DOJ May Sue Google For Antitrust; Bayer In-Housing Effort Saved $10M Off The Bat

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Trust Issues

The Justice Department may open a case against Google over alleged antitrust violations in its search business. Back in 2013 Google was forced to make changes to its search ads business as part of a settlement with the FTC. But a new antitrust task force and growing concerns over the power of “Big Tech” has renewed the department’s interest. The task force is looking into Google’s advertising practices, its search business and its dominance in the online ad industry, The New York Times reports. More. Meanwhile, as government pressure grows, Google implemented a series of policies to protect user privacy, including cracking down on data collected by Chrome extensions and limiting developers’ ability to access data from Google Drive. CNBC has more.


Bayer saved at least $10 million in media-buying costs in the first six weeks after taking programmatic in house, according to Paul Gelb, the brand’s head of programmatic and social. Agencies say that they can negotiate better rates with vendors than in-house marketers, but Bayer has been able to negotiate lower rates than its previous agency could. While Bayer still works with agencies for TV ad buys, it’s taking more media in house overall as spending shifts to digital, Digiday reports. “It is really hard to provide a significant amount of value in an agency today in a programmatic biddable medium,” Gelb said. More.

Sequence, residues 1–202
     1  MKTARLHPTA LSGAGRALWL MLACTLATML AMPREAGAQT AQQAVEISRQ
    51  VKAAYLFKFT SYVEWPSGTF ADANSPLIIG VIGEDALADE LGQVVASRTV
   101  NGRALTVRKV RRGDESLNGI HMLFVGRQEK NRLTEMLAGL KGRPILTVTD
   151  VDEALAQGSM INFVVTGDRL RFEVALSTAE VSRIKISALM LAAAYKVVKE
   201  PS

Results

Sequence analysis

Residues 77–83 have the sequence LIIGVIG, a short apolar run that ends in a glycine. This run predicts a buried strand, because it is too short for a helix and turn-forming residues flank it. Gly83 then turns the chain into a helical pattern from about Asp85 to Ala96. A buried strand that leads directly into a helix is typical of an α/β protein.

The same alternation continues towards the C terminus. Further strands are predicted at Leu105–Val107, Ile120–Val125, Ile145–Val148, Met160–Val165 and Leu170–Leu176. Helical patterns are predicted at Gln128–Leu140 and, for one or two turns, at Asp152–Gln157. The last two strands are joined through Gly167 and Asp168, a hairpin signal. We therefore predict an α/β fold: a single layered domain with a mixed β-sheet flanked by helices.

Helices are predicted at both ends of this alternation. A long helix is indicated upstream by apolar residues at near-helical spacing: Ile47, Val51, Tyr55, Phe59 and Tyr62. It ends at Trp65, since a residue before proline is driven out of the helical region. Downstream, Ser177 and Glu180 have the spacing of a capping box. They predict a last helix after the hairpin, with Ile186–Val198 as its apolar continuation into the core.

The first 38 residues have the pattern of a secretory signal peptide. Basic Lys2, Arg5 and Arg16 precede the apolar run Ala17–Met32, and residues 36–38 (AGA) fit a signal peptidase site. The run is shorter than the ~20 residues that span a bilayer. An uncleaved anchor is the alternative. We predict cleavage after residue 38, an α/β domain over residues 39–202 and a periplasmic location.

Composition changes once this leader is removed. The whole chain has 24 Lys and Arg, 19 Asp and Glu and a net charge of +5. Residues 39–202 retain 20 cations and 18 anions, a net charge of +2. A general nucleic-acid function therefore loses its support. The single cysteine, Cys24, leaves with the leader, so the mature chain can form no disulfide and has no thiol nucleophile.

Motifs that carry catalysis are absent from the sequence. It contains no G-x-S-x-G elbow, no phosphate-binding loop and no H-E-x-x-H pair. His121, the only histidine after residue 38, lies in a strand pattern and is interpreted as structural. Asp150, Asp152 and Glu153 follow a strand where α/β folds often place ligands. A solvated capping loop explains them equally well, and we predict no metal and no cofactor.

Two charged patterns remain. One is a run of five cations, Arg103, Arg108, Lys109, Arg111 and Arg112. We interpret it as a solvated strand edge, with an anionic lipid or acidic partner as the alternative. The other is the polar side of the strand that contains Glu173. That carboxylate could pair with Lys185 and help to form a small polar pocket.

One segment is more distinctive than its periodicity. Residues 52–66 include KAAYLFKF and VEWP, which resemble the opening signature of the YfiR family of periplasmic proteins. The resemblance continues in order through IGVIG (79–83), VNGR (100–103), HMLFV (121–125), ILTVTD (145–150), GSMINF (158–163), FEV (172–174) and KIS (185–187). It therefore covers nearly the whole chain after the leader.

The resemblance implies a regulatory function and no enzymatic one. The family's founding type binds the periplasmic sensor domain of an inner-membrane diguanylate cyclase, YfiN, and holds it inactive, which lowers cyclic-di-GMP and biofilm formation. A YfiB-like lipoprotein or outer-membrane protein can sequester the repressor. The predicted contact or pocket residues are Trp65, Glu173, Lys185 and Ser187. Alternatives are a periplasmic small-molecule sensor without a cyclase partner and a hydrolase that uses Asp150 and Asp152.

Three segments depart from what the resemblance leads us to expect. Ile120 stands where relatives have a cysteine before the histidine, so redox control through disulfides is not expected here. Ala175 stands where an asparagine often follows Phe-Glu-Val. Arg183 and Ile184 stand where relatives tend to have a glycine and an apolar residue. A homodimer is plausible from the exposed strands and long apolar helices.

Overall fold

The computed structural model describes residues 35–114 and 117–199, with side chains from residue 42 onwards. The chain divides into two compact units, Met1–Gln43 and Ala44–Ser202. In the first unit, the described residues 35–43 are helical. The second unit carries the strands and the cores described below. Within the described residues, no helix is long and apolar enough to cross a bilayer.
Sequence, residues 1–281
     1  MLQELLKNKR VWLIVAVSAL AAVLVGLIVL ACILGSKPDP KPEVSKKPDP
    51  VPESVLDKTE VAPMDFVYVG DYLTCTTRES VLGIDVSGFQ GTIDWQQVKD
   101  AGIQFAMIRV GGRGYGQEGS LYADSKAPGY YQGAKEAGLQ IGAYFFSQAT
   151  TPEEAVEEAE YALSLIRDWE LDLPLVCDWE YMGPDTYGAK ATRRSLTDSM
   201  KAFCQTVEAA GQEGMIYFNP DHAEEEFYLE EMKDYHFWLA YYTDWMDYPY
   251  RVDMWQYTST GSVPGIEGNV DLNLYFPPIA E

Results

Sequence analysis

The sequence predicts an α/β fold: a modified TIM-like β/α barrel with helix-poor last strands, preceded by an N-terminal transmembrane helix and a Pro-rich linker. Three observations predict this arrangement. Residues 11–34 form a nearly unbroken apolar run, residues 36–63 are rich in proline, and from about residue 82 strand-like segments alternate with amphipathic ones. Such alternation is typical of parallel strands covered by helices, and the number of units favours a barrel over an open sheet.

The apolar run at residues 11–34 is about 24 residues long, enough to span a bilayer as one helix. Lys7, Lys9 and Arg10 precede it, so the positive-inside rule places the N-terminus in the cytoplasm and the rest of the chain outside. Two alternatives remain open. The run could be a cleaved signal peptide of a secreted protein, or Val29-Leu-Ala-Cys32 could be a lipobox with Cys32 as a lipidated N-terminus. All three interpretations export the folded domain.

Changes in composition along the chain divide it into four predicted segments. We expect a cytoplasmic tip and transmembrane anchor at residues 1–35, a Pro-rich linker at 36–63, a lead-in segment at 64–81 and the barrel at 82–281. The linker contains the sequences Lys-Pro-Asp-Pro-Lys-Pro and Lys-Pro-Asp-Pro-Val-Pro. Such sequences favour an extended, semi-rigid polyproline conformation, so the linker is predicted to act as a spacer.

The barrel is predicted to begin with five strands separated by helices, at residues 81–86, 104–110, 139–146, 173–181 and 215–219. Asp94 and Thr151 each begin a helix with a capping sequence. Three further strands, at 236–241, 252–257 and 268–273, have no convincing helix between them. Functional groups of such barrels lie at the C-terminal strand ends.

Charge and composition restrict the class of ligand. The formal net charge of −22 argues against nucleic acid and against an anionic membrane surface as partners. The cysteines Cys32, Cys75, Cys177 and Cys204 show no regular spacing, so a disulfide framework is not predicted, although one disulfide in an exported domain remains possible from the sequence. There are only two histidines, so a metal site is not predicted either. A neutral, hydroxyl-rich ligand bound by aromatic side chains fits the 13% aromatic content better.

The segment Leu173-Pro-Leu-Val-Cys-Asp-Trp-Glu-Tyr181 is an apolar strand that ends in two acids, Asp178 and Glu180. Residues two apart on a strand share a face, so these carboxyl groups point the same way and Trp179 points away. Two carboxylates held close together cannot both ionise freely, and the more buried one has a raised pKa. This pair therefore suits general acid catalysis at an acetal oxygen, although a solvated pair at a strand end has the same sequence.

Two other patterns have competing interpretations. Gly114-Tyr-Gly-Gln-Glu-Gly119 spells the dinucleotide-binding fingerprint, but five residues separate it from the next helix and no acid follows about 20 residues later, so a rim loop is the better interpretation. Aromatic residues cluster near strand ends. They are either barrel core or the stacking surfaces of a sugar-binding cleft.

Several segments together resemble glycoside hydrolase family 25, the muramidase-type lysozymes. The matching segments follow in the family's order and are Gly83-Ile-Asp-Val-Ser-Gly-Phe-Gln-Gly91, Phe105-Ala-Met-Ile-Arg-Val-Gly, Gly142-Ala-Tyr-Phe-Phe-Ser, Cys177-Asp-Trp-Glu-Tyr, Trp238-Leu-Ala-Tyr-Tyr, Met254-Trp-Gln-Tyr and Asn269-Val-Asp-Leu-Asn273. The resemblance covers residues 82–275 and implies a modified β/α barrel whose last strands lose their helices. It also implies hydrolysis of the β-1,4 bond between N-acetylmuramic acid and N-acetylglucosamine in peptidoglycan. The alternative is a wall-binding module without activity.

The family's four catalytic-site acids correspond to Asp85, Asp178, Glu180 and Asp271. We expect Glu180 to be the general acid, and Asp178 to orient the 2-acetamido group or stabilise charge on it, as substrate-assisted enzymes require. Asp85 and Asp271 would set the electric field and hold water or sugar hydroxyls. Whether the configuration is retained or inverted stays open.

Browser Controls

Changes are afoot for the Chrome browser. Some updates, like its new user controls for deleting or restricting cookie data, are closely scrutinized by the entire digital media and marketing ecosystem. The changes are purportedly about privacy updates, but some are quieter, and happening at the developer level. One update to Chrome’s third-party extension code, called Manifest V3, will impede some of the more aggressive desktop ad-blocking services. Specifically, Chrome will prohibit third-party extensions that block ads or content before they reach the site server, reports 9to5Google. Enterprise customers, like schools or large businesses with their own internal versions of Chrome, will still be able to install tougher content-blocking code. More.  

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